1. bookVolume 7 (2020): Issue 3 (September 2020)
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From an aging person to an elegant senior: a humanistic approach to viewing older adults

Published Online: 02 Oct 2020
Page range: 191 - 201
Received: 13 Oct 2019
Accepted: 22 Nov 2019
Journal Details
License
Format
Journal
First Published
30 Mar 2018
Publication timeframe
4 times per year
Languages
English

The continuing growth in the number of adults aged 60-plus has raised global alertness of population restructuring. This demographic change, on the one hand, reduces productivity and increases public expenditure due to aging, resulting in prejudice, bias, misrepresentation, and discrimination against them. On the other hand, it develops a specific consumer market segment and extends the availability and accessibility of the elderly through employment, volunteering, or grandparenting. This study argues against the stigmatization of this age group from a functional perspective that damages social cohesion. It advocates a humanistic view toward seniors to eradicate marginalization and promotes the manageability of the senior population. With the aid of advanced technology and health equity, senior adults can retain everyday competence for self-care with dignity, as well as gracefully attain physical and psychological health, autonomy, and well-being in their later life. All these considerations give medical and nursing professionals insight into how to take care of the elderly.

Keywords

The myth of the demographic tsunami

Research reports the global presence of a structural population change, metaphorically depicting it as a demographic tsunami, “silver tsunami”,1 or “gray tsunami”.2 This analogy specifies the impacts of an unceasing rise of people who are aged ≥60 years.3 The aging of the baby-boom generation (1945–1965), low fertility, increased life expectancy, and reduced old-age mortality have caused population aging,4,5 with the result that 12% of the world population is now aged 60-plus and this segment is growing at a rate of 3.26% annually.6 Such a faster growth of the proportion of older adults compared to other age groups creates a “demographic revolution”7 that affects economical, political, and social dimensions. In particular, 22% of the aging population is in high-income countries, such as Japan (33% of its local population), Germany (28%), Italy (28%), and Finland (27%).8 Many scholars are alarmed by the negative effects on human capital9 and overall economic growth10 due to a contraction of the younger age groups and total population size.11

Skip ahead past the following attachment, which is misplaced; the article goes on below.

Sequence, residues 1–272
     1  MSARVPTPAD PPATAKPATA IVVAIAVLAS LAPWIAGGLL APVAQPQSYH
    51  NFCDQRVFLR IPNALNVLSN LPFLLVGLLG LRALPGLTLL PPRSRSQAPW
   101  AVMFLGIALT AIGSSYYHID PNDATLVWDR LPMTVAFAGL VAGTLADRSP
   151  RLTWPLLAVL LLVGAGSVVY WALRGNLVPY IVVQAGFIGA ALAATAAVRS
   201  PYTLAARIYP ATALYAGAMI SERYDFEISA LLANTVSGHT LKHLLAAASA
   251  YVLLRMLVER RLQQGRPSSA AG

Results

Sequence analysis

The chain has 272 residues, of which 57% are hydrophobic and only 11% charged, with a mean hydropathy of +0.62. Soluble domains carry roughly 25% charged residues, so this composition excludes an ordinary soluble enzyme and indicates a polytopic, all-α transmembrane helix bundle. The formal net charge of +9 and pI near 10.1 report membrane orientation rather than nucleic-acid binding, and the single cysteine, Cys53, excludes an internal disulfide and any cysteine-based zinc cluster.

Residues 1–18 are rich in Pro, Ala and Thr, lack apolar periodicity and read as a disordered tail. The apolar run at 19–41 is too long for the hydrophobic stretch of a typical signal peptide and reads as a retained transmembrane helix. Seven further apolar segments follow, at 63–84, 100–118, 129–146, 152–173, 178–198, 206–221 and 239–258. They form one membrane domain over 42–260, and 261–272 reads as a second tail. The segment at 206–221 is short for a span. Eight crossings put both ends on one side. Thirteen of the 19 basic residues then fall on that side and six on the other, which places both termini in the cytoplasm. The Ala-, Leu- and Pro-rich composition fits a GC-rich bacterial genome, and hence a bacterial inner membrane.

In addition, misrepresentations of aging in the mass media12,Global Population Ageing: Peril or Promise. Geneva, Switzerland: World Economic Forum; 2011:24–29.MilnerCVan NormanKMilnerJThe media's portrayal of ageingIn:BeardJReds.Global Population Ageing: Peril or PromiseGeneva, SwitzerlandWorld Economic Forum20112429' href="#j_fon-2020-0032_ref_013_w2aab3b7c18b1b6b1ab2b1c13Aa">13 result in a phobia concerning aging, or gerontophobia, i.e., “the unreasonable fear and/or irrational hatred of old people by the society and by themselves”.14 The media magnify pessimistic perceptions, negative images,15 and stigmatized attitudes toward the elderly16 regarding their vulnerabilities in personal (e.g., stereotypic assumptions), institutional (such as compulsory retirement), intentional (for instance, elder abuse), and unintentional (such as insufficient aged care facilities) deficiencies.17 They also belittle this group as being an inactive labor force.18 Worse, they allude to gender-biased social representations19 stemming from the loss of beauty and reproductive value in older women.Front Psychol. 2014;5:1–6.MaestripieriDKlimczukACETraficonteDMWilsonMCA greater decline in female facial attractiveness during middle age reflects women's loss of reproductive valueFront Psychol2014516' href="#j_fon-2020-0032_ref_020_w2aab3b7c18b1b6b1ab2b1c20Aa">20

These contentious social perceptions21 hinder social cohesion. Many older adults suffer from unfavorable housing conditions, income sources, social support, and civic participation.22 Younger generations may be unwilling to involve themselves with this disadvantaged group. This not only engenders an insufficient health-care workforce serving the elderly,23 which hampers the medical system, but also causes negligence. Moreover, social exclusion worsens their physical and psychological health24: for instance, it can lead to disability,25 cognitive underperformance,26 anxiety,27 and depression,28 resulting in social disengagement.29